Pope Francis writes to the Archbishop of Vilnius and President of CCEE to mark the opening of the European Catholic Social Days and stresses the importance of protecting, accompanying and integrating as European countries accept so many vulnerable people fleeing the war.
By Francesca Merlo
Pope Francis welcomed the opening of the European Catholic Social Days – being held in Bratislava, Slovakia, from March 17-20 – in a letter to Bishop Gintaras Grušas of Vilnius, President of the Council of the European Bishops’ Conference (in Latin Consilium Conferentiarum Episcoporum Europae, CCEE).
The Pope noted that on the occasion of the third event of its kind, organized by the CCEE in collaboration with the Commission of Episcopal Conferences of the European Union (COMECE) and the Slovak Episcopal Conference “I would like to extend my cordial greetings to you , dear Brother, and to all the participants”.
The tragedy of war
Pope Francis immediately turned his attention to “the tragedy of war unfolding in the heart of Europe”, noting that this is not what we had hoped for after the difficult health emergency caused by the pandemic. Now, he continued, we remain “amazed” because we remember scenes from the great wars of the last century, scenes that “we never thought we would see again”.
As a community of believers, the Pope noted that “the heartbreaking cry for help from our Ukrainian brothers and sisters urges us not only to reflect seriously, but to cry with them and to do something for them.”
Once again, humanity is threatened by a perverse abuse of power and vested interests, which condemns the defenseless to all forms of brutal violence.
The pope then thanked the bishops of the country for their rapid response “by coming to the aid of this population, guaranteeing them material aid, shelter and hospitality”.
Pope Francis then turned his attention to the title chosen for the days celebrated: Europe beyond the pandemic: a new beginning. He noted that it invites us to reflect on the ongoing transition in European society. This era, still marked by the pandemic, brought about important social, economic, cultural and even ecclesial changes. “In this situation marked by suffering,” the Pope noted, “fears have increased, poverty has increased and loneliness has multiplied; while many have lost their jobs and live in precarious conditions, the way of relating to others has changed for all”.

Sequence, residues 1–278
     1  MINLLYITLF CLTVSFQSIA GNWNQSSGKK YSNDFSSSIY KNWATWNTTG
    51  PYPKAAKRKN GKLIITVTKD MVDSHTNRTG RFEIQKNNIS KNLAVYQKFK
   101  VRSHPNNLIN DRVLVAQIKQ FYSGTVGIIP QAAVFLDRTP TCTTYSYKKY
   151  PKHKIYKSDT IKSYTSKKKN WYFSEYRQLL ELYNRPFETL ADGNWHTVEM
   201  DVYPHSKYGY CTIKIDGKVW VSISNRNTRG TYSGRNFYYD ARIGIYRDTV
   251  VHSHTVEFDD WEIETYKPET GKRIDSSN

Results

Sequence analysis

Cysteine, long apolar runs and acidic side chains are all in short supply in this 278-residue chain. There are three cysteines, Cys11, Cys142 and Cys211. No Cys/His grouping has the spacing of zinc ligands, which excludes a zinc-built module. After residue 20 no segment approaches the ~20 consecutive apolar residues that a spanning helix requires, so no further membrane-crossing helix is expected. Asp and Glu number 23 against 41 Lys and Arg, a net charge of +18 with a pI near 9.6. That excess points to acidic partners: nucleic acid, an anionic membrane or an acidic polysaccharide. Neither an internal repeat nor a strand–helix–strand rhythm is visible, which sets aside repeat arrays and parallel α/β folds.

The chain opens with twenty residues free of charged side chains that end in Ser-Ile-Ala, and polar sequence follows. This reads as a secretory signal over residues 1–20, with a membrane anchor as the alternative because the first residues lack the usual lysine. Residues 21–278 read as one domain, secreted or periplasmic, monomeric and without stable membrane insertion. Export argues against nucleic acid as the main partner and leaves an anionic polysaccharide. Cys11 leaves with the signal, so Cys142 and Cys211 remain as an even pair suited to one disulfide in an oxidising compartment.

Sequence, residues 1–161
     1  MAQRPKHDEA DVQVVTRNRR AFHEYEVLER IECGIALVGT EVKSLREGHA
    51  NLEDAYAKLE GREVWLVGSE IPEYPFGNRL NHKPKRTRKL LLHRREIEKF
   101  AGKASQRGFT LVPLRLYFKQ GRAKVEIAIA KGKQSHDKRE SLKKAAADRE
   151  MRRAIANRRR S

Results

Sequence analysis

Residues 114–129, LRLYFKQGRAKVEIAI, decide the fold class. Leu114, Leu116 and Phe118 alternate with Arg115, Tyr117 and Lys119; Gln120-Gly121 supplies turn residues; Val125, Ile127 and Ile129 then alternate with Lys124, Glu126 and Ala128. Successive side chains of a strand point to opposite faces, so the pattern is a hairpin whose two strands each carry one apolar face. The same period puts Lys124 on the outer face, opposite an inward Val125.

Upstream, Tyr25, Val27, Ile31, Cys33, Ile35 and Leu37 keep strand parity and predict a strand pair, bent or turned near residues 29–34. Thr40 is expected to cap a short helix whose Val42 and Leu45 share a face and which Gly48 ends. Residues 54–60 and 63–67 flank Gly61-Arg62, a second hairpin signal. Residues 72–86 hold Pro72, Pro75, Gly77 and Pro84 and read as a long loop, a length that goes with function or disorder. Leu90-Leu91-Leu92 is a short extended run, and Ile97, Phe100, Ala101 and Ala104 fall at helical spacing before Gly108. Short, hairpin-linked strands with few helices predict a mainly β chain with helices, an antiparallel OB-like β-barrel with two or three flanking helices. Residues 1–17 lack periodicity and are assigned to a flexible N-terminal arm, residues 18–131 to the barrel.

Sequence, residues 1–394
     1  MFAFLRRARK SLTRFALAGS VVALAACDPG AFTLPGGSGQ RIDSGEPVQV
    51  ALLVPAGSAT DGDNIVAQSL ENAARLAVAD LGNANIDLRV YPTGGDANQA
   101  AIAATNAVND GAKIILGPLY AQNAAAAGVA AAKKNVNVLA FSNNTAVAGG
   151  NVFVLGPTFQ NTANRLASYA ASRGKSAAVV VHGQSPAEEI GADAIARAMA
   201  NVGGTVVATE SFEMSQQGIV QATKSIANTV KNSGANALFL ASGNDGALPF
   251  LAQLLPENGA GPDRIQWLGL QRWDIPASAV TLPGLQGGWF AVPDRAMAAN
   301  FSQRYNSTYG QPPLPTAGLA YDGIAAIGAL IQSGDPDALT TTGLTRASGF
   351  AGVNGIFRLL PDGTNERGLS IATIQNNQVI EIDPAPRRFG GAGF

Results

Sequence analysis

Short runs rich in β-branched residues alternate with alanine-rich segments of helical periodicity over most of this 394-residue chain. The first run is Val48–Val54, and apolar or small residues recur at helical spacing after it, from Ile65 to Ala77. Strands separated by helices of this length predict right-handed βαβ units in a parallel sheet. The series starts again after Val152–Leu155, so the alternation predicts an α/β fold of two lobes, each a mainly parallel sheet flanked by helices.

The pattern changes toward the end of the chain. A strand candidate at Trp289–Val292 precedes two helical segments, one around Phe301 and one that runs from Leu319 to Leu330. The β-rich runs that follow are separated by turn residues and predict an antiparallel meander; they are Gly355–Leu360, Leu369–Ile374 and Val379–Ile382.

We cannot stand idly by, the Pope stressed. As Christians and as European citizens, we are called to courageously implement “the common good of our European homelands, of our homeland Europe“. Yes, he continued, Europe and the nations that make it up are not opposed, and building the future does not mean uniting, but uniting even more in respect for diversity”.
Finally, Pope Francis turned to the logo that was chosen for these days: that of St Martin of Tours cutting his coat in two to give it to a poor man. “It reminds us that love is concrete closeness, sharing, concern for others,” the pope said adding that “those who love overcome fear and mistrust towards those who come to our borders in search of a better life. : if they welcome, protect, accompany and integrate so many brothers and sisters fleeing conflicts, famine and poverty, it is just and humane, it is even more Christian”.
Finally, the pope noted that the walls that are still present in Europe, “should be transformed into gateways to its heritage of history, faith, art and culture; dialogue and social friendship should be encouraged, so that human coexistence based on brotherhood may grow”.